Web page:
People over here seem to think it quite unusual for the First Lord of the Admiralty to take a trip in an American destroyer under rather uncomfortable conditions, in view of the fact that he could have gone on one of his much larger vessels. As you know, British officers are not in the habit of running around on vessels flying a foreign flag. It is probably the first case on record, and should be emphasized.
On Wednesday, we inspected the new national shipyards in the Bristol Channel, three of them with a capacity of 24 ways. They are nearly completed, and will start to turn out the British standard ships with a few weeks. By the way, I did not know until I got here that all of their Government merchant shipbuilding is run by the First Lord of the Admiralty. It is just the same as if the Emergency Fleet Corporation were under you. The operating part of their system, which corresponds to our Shipping Board, is of course a separate organization, but the Admiralty has all shipbuilding of every kind under it, and Lord Pirrie, formerly the head of Harland and Wolff, shipbuilders of Belfast, has the position which corresponds to Mr. Schwab’s.
We got back late last night, and this morning I have breakfasted with Geddes and Admiral [Sir Rosslyn] Wemyss, the First Sea Lord. They brought up several questions which I am to go into further, and get all the information possible I order that I may report to you.
(CONFIDENTIAL). For instance, they want to discuss the possibility of dovetailing the British programme for new construction in with our programme, in order that between us we may not build too many of one type of vessel, and in order that we may have an understanding in regard to the need for new types for next year’s operations. For example – Geddes is inclined to the view that between us we have enough small craft of the submarine chaser or Eagle boat type, or will have, when the present programme is completed.
Further, it seems a question as to whether the British or ourselves should build many additional destroyers; and they have talked about the need of a new type of escort vessel for the convoys, a ship with less speed and better sea-going qualities than a destroyer. Also we talked about the possibility of American destroyers in the North Sea in a few months, when our new lot have begun to come over in larger numbers.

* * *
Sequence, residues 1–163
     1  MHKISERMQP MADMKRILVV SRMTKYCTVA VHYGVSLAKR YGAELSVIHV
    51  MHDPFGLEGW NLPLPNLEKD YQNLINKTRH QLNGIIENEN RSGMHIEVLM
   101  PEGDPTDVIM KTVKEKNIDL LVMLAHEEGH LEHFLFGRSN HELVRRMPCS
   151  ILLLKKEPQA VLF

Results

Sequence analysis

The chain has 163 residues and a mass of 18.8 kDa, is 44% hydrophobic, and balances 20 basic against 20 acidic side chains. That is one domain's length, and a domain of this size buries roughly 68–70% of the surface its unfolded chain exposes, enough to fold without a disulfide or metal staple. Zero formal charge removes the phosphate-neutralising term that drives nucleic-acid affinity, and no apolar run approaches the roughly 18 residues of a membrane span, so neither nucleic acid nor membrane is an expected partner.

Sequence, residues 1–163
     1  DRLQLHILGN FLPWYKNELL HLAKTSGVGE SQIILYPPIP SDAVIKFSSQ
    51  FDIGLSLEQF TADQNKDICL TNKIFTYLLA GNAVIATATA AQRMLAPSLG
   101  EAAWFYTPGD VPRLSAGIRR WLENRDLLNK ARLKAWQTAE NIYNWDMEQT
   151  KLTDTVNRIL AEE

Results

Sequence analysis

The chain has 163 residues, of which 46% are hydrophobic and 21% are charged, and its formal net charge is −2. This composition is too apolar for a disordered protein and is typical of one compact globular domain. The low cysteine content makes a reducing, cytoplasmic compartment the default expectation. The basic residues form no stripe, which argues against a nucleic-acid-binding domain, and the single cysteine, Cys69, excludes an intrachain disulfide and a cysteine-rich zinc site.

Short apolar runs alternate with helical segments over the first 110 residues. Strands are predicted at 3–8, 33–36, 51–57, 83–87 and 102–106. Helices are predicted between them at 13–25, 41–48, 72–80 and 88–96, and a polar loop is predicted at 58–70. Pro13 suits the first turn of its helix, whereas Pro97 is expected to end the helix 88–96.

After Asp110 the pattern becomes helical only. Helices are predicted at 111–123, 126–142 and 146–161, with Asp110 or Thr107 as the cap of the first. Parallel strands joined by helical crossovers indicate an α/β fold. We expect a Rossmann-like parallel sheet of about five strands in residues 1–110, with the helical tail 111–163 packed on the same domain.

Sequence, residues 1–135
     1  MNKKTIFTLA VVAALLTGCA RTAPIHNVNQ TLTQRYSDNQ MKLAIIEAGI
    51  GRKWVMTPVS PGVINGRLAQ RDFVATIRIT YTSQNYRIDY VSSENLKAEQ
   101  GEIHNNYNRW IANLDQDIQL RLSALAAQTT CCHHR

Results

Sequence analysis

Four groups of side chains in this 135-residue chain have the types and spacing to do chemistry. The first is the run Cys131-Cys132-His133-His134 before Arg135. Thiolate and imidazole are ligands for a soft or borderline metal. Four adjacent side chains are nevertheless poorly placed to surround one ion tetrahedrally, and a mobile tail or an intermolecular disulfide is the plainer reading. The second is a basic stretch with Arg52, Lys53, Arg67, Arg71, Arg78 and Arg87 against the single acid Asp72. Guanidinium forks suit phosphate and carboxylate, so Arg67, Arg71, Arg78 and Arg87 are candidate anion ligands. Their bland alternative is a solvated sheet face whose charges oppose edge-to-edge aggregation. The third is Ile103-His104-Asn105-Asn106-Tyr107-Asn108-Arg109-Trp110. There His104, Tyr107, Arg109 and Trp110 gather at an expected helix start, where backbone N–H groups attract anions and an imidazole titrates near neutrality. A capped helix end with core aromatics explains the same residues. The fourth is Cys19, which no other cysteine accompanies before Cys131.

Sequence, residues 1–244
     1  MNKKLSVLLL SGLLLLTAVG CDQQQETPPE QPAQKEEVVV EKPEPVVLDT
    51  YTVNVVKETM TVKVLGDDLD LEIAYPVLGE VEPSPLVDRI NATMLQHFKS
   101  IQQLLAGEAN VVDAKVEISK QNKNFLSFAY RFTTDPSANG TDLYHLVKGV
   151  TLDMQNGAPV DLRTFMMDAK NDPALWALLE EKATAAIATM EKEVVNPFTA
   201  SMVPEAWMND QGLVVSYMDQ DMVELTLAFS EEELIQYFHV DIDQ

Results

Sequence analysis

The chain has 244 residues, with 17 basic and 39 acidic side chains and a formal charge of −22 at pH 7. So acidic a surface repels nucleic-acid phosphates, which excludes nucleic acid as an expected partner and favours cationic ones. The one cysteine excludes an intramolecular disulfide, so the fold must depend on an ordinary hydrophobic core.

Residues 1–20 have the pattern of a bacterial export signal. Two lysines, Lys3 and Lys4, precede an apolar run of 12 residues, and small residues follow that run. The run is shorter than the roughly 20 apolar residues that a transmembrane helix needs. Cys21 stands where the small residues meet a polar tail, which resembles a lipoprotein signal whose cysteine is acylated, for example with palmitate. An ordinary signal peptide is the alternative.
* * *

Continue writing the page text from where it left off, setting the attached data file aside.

I shall be here in London for four days, and expect to meet Mr. Padgett and the rest of the Naval Committee on Sunday. Then I go either to the Grand Fleet or to France. This has not yet been determined on.
This afternoon I spent at the Admiralty going through their Intelligence Section. The thing that struck me most is that their office of Naval Intelligence is in much close touch with operations than ours is. We must come to that, and the new building will undoubtedly help it out. There is no question that Admiral Sims has the entire confidence of the Admiralty people, besides their personal friendship; and yet it is very comforting to find that he is just as good and American as he ever was, and he keeps his sense of humor through a whole lot of stuff that would turn some people’s heads.
I have not been here for long as yet, but I do feel that the visit is doing good, and that eventually we must get a little closer touch between Washington and London in the Naval line than we have in the past.
I hope all goes well with you. Lots of our friends here have asked after you, and expressed the hope that you will come over in the Autumn.
I am not writing separately to Benson, and hope you will show him my letters if you want to, and such parts of them to the President as you think may interest him.